As Harsha aptly said – ‘Absolutely Divine’.

I yelled at my mother as I was extremely upset over your dismissal in the 2003 WC final and my mother has still not forgiven me for my innocent burst of anger. At that point, I and India were shut down. And that’s an usual behavior towards any of your dismissals because I never believed that you can fail. And, you taught me to succeed.

Your discipline is a subject of awe for me. Your humility stuns me, your simplicity is contagious and your aura inspires me.

Cricket is still being played, we still have superstars and the game is still very popular.

But, for me, there will never be another Sachin.
And, since, Cricket has never been the same for me.

As the planet says, Happy Birthday!

For a very long time, I never realised the town had a different name. For me, it never mattered. It was her place of residence and that is all we knew during our growing up days. For us, it was enough. In fact, me and my sister never cared to know her name as well, for a very long time. Again, it doesn’t matter as names and relationships don’t always go hand in hand. Not for me, not for my sister either. She was our dear Granny, my mother’s mother and there lies the inherent respect that we derived and which deemed to exist forever.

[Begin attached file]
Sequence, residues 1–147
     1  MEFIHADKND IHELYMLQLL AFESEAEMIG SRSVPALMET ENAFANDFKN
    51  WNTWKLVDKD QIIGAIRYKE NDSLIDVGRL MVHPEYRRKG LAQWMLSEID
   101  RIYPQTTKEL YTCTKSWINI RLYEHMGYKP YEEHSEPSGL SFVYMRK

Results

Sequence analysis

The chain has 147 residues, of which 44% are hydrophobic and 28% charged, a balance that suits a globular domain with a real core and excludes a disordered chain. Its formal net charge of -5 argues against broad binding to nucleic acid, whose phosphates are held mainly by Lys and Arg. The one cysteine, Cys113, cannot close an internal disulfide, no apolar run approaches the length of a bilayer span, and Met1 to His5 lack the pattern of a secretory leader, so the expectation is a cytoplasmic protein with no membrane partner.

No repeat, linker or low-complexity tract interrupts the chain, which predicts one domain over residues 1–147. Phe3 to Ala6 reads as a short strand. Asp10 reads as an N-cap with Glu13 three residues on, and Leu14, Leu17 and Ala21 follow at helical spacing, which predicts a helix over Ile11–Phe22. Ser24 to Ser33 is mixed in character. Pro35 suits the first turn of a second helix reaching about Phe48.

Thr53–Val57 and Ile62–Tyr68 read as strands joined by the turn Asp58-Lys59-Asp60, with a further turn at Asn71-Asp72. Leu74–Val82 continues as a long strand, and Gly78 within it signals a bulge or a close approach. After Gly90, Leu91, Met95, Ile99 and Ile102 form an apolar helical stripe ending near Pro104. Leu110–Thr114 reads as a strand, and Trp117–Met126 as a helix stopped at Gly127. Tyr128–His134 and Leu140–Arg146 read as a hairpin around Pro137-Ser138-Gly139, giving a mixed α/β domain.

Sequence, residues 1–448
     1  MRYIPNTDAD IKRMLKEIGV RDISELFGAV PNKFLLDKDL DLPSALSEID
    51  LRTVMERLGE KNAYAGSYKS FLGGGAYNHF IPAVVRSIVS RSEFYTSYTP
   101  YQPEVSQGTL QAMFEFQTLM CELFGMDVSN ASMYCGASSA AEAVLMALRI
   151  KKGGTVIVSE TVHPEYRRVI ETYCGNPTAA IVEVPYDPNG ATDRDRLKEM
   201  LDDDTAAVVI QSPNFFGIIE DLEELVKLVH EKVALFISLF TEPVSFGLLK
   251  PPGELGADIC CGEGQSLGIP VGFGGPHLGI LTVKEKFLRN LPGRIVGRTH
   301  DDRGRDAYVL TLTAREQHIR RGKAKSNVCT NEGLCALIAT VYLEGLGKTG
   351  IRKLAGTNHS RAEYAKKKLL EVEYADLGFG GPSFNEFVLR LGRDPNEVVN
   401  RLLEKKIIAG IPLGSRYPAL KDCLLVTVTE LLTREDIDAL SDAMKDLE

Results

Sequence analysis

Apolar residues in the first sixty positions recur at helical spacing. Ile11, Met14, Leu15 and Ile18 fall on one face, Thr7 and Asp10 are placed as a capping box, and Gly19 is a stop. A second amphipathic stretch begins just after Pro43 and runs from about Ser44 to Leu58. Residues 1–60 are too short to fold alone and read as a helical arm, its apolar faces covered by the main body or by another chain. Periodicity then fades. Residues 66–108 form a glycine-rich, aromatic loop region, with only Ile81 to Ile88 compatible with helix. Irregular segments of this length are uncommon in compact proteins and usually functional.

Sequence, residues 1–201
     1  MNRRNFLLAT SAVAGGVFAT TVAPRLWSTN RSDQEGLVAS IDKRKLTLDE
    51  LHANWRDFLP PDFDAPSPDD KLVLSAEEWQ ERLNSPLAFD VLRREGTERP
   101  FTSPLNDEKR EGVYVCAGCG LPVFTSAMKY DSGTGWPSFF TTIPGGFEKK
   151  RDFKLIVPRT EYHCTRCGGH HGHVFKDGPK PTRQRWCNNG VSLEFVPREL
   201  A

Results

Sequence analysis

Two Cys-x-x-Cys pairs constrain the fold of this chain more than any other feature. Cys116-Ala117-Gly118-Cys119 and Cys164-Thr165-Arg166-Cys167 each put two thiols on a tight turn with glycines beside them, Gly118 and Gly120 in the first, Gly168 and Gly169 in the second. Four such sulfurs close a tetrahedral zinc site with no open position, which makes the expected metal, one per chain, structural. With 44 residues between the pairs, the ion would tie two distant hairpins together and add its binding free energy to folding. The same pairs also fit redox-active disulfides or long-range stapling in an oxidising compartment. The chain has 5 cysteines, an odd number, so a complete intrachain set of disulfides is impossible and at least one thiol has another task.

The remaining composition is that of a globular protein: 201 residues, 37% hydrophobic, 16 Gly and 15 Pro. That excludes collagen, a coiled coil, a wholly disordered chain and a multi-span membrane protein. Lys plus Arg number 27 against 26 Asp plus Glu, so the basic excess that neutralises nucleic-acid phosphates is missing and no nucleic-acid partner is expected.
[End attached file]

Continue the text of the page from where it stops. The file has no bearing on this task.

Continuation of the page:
We visited her and grandfather during our summer vacations, once in a couple of years. We lived far away but the connect was somewhere, ethereal to say the least. My grandfather was a reputed personality in the adjoining areas surrounding the town and widely respected. I and my sister used to be in awe of the palatial house they lived in and where my mother was born and raised. I am still in awe of that place, I don’t think we can afford to build a house like that in the city, even in today’s economical surge of possessions. The other day, I told my wife that the kitchen in the house used to be the size of our master bedroom, so it’s now easier for you to understand why we were so awe struck. She was the queen of the house and we all ran around like scattered pedestals from a garden of blooming flowers.